In the simplest terms, building airtightness refers to a building’s resistance to air leakage—air flowing both in and out of the building—through areas of the building enclosure not intended to allow air flow.
The idea of air entering or exiting a building may not seem like cause for concern, but in reality, airtightness is an important aspect in building performance. Because the internal environments of buildings need to be carefully controlled to allow for proper ventilation, temperature and moisture control, these unintended leakages, usually invisible to the naked eye, can cause major issues—issues that can be costly to both building owners and occupants.
One of the most noticeable problems associated with poor building airtightness is occupant comfort. When a building’s airtightness has not been properly addressed, tenants often complain of temperature and humidity control issues. In the winter months, tenants experience dry and drafty spaces as heat escapes through openings in the building enclosures and cold air enters from outside. Similarly, in the warmer months of the year, it can be a challenge to keep spaces cool even when using air conditioning and indoor spaces can begin to feel humid.
Energy Usage (and Energy Bills)
It should come as no surprise then that poor building airtightness also impacts a building’s energy usage—a costly effect for both the environment and those paying for utilities. Even in the most insulated of buildings, without proper airtightness, conditioned air (either heated or cooled air) from the interior of the building will escape through the enclosure while unconditioned air from outside will enter the building. The result is a never-ending battle between the interior and exterior environments as heating or cooling systems work frantically to try and stabilize the indoor conditions—a battle clearly reflected in the building’s skyrocketing energy bills.
While it’s easy to see and feel the effects of poor airtightness on occupant comfort and energy costs, some of the most significant issues can be hidden from tenants or building owners. Cracks and gaps in the enclosure (or, more specifically, the air barrier) can also allow moisture to accumulate within walls and other enclosure assemblies, potentially causing damage and deterioration of the building and leading to costly investigations and repairs. When this happens, you’ll want to turn to a team of expert consultants who can properly assess the issues and help you develop a plan to get your building back to the way it should be performing.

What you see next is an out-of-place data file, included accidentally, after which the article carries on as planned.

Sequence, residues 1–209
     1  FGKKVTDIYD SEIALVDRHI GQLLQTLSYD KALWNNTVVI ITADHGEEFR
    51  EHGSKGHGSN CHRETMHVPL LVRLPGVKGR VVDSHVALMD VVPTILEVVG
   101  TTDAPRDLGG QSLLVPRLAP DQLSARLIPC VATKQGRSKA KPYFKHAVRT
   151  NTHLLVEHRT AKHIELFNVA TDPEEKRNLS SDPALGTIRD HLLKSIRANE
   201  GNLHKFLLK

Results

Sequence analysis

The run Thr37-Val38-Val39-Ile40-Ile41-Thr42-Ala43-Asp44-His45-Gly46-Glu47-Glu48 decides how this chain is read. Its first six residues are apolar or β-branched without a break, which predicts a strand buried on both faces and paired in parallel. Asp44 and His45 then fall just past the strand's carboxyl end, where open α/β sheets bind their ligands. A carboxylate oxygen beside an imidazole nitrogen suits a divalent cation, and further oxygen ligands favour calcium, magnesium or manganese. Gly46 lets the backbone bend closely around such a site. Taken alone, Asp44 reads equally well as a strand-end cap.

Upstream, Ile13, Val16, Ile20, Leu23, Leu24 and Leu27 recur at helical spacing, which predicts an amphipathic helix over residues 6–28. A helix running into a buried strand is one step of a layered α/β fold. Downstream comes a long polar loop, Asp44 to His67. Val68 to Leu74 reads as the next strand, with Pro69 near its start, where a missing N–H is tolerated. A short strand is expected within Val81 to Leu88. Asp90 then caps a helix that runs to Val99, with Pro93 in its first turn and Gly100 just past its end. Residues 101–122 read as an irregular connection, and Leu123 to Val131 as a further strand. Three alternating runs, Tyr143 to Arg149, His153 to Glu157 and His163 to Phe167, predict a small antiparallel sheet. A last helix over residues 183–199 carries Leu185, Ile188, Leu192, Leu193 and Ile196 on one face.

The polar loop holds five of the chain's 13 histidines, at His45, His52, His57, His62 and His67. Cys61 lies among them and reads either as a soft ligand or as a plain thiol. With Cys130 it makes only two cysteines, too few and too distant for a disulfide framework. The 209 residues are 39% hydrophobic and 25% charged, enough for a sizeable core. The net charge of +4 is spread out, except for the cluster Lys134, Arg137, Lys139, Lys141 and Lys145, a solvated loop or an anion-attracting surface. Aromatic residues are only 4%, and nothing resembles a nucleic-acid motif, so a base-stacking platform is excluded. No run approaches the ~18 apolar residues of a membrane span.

Lastly, though it is rare, poor building airtightness can lead to health concerns for building occupants. As air leaks through the enclosure, there is a risk of airborne pollutants or particles from within the assemblies being pulled into the interior of a building. Without fully controlling the air flow through adequate airtightness, it can be difficult to protect tenants from such hazards.
Ensure Your Building is Airtight
All of this may sound alarming, but the good news is that with the right building enclosure consultants and proper testing, a building’s airtightness can be easily assessed and, if necessary, improved early in a building’s life. By taking early steps and bringing in the experts, the risk of airtightness-related issues is greatly diminished and building owners can rest easy knowing their occupants’ comfort and health, energy usage, and building durability are being protected.
At RDH, we specialize in whole-building air leakage testing, smoke testing, and thermography. This allows us to fully assess a building enclosure’s level of airtightness, identify problem areas and make recommendations to resolve the issues before they develop into larger and costlier problems.
Our team of building science experts have played a large part in shaping the industry’s understanding of building airtightness, contributing to the development of building codes, developing testing protocol, and testing hundreds of buildings, but our work is never done.
Watch this video to learn more about airtightness testing: